Three phases of bone marrow transplantation:
A number of tests are carried out to ensure that patient is healthy enough for the treatment. All tests are done after the admission in the hospital.
Routine- If you have not been admitted to the hospital before, it may help to read the following paragraphs, which describe some of the events and tests that are routinely carried out.
Blood tests- Blood tests are sometimes performed as often as every day, depending on patient’s treatment and general condition. These are important, but patient may find them tiresome. Blood can either be taken from a vein (peripheral sampling) or nurse can take it from patient’s central venous catheter if patient’s have one. Blood samples are usually taken in the morning, but sometimes, additional samples may be required at other times of the day. Healthcare team carefully watches the results of all of investigations.
X rays Chest- X rays are performed as often as weekly for patients who are having, or have had, chemotherapy. This is because there are some types of lung infection that do not show any symptoms until they are severe and so by performing regular X rays, some of these infections can be found early.
Observations – While Patient are in hospital, there are various ways of monitoring patient’s condition. The most common are described below.
Temperature- This may be checked frequently over the course of the day. A thermometer may be placed in patient’s mouth (under your tongue), or if you have a sore mouth, or feel nauseous, patient can place it under arm. The reading obtained from using the second method is usually lower. There is a newer type of thermometer, which is placed in the outer ear, and can read the temperature electronically using an infra-red sensor.
Pulse- This may be checked frequently over the course of the day. Patient may find that patient’s pulse rate is faster if patients are anaemic or if patient’s have a raised temperature when he/she have an infection.
Blood pressure- This may be checked frequently over the course of the day. Patient may find that patient’s blood pressure runs a little lower than normal when patient have a raised temperature, or a little higher if patient are anxious or in pain.
Respiration rate- This may be checked frequently over the course of the day. Patient’s respiration rate tells how quickly or slowly patient’s are breathing. The rate may be quick if patients are anxious or in pain, or have an infection, and slow if patient are asleep or drowsy.
Fluid monitoring– Because of this types of treatment patient’s are given, it is necessary to ensure that you are getting plenty of fluid, either by mouth or by drip. It is also necessary to ensure that you are passing sufficient amounts of urine. Too much fluid in your body can be a problem, while too little can lead to dehydration. High fluid intake can help to flush harmful toxins and waste products away. To monitor your input and output, a fluid balance chart is used. This is a record of your input (drinks, intravenous infusions) and output (urine and other body fluids). The nurse may suggest that patient’s will keep his/her own record.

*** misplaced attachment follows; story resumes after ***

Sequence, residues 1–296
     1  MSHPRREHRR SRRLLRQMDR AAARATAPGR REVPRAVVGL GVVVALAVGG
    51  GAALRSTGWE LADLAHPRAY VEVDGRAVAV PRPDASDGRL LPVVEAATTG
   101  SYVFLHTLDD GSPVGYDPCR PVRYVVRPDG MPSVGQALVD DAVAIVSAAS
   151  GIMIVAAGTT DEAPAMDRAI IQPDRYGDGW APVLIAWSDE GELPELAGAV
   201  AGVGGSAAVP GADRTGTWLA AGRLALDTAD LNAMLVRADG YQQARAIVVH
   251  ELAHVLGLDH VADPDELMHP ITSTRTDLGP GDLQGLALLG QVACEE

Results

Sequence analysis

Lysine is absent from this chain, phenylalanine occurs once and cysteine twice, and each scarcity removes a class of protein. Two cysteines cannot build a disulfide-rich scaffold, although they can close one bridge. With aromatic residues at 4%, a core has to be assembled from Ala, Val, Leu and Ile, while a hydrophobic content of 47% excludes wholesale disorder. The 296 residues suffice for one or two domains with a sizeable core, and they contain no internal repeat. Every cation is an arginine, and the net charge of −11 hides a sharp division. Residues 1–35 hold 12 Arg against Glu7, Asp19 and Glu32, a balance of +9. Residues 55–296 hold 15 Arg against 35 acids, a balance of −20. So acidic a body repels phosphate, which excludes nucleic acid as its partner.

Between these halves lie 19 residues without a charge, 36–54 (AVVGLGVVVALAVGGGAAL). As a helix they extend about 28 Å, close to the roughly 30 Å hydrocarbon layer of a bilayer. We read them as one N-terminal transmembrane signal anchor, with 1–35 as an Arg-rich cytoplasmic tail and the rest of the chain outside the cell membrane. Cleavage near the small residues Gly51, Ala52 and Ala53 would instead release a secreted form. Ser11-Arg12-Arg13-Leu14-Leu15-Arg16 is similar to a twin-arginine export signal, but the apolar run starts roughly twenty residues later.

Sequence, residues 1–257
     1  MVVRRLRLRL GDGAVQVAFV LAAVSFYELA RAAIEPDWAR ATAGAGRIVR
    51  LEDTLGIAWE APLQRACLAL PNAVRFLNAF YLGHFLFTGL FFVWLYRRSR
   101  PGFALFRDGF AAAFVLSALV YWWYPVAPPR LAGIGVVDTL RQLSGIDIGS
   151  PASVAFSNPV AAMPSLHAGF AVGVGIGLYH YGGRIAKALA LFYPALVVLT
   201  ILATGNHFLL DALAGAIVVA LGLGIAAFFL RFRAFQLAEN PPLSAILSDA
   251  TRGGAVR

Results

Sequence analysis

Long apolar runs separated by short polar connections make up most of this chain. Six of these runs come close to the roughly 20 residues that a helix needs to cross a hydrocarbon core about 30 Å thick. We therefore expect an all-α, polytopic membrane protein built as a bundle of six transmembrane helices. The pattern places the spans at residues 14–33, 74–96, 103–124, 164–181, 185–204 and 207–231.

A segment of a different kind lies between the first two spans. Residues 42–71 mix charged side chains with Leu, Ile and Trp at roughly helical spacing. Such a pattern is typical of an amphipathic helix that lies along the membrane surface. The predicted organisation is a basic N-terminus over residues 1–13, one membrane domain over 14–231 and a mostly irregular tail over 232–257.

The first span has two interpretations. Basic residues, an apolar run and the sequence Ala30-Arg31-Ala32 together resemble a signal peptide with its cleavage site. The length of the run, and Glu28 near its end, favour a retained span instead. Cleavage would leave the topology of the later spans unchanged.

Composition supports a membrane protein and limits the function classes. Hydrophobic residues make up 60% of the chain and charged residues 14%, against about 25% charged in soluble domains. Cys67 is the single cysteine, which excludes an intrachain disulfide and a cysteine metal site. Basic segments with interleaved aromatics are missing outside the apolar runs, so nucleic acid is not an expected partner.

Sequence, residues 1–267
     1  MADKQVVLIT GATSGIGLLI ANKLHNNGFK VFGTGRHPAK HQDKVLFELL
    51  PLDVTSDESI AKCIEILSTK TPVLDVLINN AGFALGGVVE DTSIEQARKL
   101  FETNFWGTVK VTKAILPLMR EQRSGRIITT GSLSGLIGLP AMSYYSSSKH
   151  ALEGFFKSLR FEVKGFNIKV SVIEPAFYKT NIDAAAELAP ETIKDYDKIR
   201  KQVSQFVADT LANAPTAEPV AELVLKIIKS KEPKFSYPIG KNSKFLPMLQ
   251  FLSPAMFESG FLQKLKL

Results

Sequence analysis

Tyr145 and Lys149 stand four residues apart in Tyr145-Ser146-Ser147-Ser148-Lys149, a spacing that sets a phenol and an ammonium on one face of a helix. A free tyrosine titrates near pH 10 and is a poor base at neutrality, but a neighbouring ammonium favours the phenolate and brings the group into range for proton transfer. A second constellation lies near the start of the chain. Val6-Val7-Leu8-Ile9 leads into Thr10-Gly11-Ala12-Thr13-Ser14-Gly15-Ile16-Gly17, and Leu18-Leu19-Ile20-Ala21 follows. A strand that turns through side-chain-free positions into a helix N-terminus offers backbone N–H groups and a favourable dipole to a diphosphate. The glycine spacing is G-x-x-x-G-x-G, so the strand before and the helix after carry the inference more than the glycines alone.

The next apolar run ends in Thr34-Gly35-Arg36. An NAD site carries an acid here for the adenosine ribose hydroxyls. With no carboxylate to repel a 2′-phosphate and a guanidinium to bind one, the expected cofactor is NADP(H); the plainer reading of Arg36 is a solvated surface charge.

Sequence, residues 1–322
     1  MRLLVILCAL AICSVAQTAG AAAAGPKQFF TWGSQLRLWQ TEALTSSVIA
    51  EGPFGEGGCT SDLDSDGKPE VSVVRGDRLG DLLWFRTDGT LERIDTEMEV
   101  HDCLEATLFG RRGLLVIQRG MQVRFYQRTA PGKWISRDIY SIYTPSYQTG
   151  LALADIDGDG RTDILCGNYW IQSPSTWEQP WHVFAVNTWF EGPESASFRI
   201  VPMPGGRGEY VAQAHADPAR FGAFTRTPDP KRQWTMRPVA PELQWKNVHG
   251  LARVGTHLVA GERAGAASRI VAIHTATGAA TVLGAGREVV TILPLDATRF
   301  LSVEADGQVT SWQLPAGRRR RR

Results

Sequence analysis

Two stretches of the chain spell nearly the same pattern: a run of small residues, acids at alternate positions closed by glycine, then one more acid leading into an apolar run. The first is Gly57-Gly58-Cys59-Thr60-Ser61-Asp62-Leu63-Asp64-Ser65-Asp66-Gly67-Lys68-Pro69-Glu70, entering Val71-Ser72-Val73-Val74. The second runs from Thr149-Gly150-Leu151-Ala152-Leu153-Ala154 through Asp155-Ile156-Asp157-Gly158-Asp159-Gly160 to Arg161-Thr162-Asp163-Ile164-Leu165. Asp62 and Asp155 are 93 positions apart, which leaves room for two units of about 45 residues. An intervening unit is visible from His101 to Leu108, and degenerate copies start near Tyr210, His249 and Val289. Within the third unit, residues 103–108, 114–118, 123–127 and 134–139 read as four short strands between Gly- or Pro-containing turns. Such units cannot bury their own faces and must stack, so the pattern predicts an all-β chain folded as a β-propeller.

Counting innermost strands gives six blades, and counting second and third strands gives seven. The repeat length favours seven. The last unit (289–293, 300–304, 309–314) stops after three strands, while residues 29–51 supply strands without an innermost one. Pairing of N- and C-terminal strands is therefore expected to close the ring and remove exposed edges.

Pulse oximeter – This is a machine that can be used to measure the level of oxygen in the blood. Oxygen in the blood is important as it helps to provide nutrients to the cells of patient’s body.
The preparation phase begins when the patient reached at the hospital. It includes the process of medical evaluation, orientation, informed consent, and other preliminary activities.
a) Starting of medical evaluation
b) Initiation of conference related to the treatment plan
c) Central Venous catheter evaluation and insertion
d) Bone- Marrow Harvest
This phase initiates the actual transplant process. During this phase, high-dose chemotherapy, radiation therapy, or both are initiated. Chemotherapy and radiation therapy are given in doses that destroy the function of marrow and result in the greatest possibility of destroying the disease.
Depending upon the chemotherapy agents and radiation therapy administration schedule, some conditioning therapy can be administered in the outpatient setting, thus potentially shortening the inpatient stay.
The transplant phase is the infusion of donor bone marrow or stem cells. After the conditioning regimen is completed, the patient receives the infusion of bone marrow or stem cells.
Waiting for Engraftment: This phase consists of close monitoring, supportive treatment, and management of complications while waiting for signs of engraftment/ enlargement (new cell growth).
Engraftment and Early Recovery: Approximately after 10 to 28 days of marrow transplant, signs that the new bone marrow or stem cells are engrafting (growing and developing) can be expected.
Close monitoring will continue along with supportive care. Preparation for the return of the patient to the referring physician or hospital will begin.
Long-Term Recovery: The long-term recovery phase involves leaving the treatment center, dealing with any ongoing clinical issues, and re-establishing life patterns. Patients need to follow up for long term complications of BMT.
The main risks associated with a stem cell transplant are outlined below.
Graft versus host disease: GvHD can occur within a few months of the transplant or develop several months.